The Prime Minister Boris Johnson has defied calls from professional bodies to scrap the Immigration Health Surcharge for migrant health and care staff from outside the EU. The charge, which currently stands at £400 a year is due to rise to £624 in October, has attracted particular controversy since the start of the coronavirus outbreak. At Prime Minister’s Questions on Wednesday, Mr Johnson said the NHS ‘needs funding and those contributions actually help us to raise about £900m.’
Mr Johnson was responding to a question from Opposition leader Sir Keir Starmer, contrasting the ritual of clapping for carers with expecting some of these workers to pay a surcharge of ‘hundreds sometimes thousands of pounds to use the NHS themselves’.
‘I’ve thought a great deal about this and I do accept and understand the difficulties faced by our amazing NHS staff and, like him, I’ve been a personal beneficiary of carers who have come from abroad and, frankly, saved my life,’ but said the NHS would find it ‘very difficult in the current circumstances to find alternative sources’ to cover the funding gap if the scheme were scrapped altogether.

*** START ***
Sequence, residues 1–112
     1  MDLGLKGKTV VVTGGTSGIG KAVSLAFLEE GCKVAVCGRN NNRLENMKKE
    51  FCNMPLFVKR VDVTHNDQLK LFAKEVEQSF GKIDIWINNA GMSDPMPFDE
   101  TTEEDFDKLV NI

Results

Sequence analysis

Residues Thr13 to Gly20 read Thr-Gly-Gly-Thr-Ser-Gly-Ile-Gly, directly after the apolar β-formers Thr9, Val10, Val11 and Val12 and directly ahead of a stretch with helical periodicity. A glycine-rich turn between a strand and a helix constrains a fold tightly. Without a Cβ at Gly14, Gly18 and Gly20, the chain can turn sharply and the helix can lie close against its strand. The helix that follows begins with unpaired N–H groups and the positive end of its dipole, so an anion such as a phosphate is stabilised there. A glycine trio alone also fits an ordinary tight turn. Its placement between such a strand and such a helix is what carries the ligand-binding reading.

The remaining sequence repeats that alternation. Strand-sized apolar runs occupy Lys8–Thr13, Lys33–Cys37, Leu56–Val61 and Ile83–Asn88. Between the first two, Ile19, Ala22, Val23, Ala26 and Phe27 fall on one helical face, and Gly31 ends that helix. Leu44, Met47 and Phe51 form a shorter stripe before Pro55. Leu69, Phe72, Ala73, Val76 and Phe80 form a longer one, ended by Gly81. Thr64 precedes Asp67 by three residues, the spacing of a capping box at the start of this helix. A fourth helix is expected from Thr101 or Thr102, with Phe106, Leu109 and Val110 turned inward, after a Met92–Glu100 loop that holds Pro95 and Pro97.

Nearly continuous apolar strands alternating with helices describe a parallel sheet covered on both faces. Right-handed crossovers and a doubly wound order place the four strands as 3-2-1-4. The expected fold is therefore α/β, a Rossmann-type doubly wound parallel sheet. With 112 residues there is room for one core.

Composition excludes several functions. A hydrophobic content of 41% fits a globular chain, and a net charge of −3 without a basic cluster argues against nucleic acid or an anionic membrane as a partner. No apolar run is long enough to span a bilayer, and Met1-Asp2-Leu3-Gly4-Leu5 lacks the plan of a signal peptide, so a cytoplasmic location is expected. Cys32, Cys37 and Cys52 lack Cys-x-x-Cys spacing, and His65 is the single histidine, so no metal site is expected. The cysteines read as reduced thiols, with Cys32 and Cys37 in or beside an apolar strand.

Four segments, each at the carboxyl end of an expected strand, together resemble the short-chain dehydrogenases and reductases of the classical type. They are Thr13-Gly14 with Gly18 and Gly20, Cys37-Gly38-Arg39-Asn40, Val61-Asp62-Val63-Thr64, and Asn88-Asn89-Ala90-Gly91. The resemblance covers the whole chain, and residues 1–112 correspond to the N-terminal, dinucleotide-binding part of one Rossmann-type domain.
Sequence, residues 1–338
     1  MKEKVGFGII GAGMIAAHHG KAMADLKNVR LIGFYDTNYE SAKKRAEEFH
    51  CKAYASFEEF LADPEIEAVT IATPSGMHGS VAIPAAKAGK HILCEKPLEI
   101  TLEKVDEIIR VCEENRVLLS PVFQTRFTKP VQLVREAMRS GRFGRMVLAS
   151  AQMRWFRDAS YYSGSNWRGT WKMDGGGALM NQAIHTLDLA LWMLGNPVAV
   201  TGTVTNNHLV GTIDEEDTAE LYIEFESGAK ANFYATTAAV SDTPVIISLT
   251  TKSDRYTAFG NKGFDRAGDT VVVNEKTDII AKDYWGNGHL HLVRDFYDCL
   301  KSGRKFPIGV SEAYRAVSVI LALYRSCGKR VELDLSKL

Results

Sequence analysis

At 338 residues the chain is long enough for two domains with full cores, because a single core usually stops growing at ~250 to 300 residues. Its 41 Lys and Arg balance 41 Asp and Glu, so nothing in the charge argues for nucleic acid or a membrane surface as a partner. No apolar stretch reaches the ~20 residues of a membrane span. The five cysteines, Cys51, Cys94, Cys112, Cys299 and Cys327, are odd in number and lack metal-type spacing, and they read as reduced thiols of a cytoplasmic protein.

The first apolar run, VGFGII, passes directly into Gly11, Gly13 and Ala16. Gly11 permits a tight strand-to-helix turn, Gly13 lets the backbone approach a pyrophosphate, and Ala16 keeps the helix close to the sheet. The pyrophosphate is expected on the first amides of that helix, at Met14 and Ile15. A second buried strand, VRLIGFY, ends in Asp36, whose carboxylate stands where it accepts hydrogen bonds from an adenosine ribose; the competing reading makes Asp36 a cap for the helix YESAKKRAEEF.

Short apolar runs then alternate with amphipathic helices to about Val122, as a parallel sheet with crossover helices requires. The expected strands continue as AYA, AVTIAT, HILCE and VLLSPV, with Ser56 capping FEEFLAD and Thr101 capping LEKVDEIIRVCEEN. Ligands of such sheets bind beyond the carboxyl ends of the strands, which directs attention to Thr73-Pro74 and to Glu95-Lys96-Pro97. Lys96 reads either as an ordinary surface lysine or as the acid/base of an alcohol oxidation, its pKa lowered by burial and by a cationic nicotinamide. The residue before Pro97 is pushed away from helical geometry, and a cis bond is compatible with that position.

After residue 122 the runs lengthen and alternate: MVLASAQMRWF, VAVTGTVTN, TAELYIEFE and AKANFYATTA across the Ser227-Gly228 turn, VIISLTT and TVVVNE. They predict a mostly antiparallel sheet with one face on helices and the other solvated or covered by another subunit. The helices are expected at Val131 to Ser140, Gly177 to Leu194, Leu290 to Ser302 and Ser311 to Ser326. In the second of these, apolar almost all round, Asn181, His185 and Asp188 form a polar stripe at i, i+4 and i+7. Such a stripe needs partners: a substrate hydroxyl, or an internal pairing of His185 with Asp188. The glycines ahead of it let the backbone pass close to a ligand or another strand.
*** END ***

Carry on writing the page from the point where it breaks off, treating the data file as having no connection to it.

Sir Keir said the response was disappointing, adding that from October, ‘a care worker on the national living wage will have to work for 70 hours to pay off that fee.’
Doctors, nurses and paramedics have been granted a one-year exemption from the charge, but foreign secretary, Dominic Raab, said on Monday there were no plans to extend the same benefit to care workers.
The RCN this week wrote to the Home Secretary to request that the policy be reconsidered‘as a matter of urgency’. ‘We have already received devastating accounts from members who are struggling to pay the charge, and the impact that it is having on their families’ lives,’ said Dame Donna Kinnair, Chief Executive and General Secretary of the RCN.
‘The current pandemic has served to reaffirm the importance of our internationally educated staff. Without them here, patient care would be at risk. This charge undermines the dedicated care overseas health and care staff provide to us all.’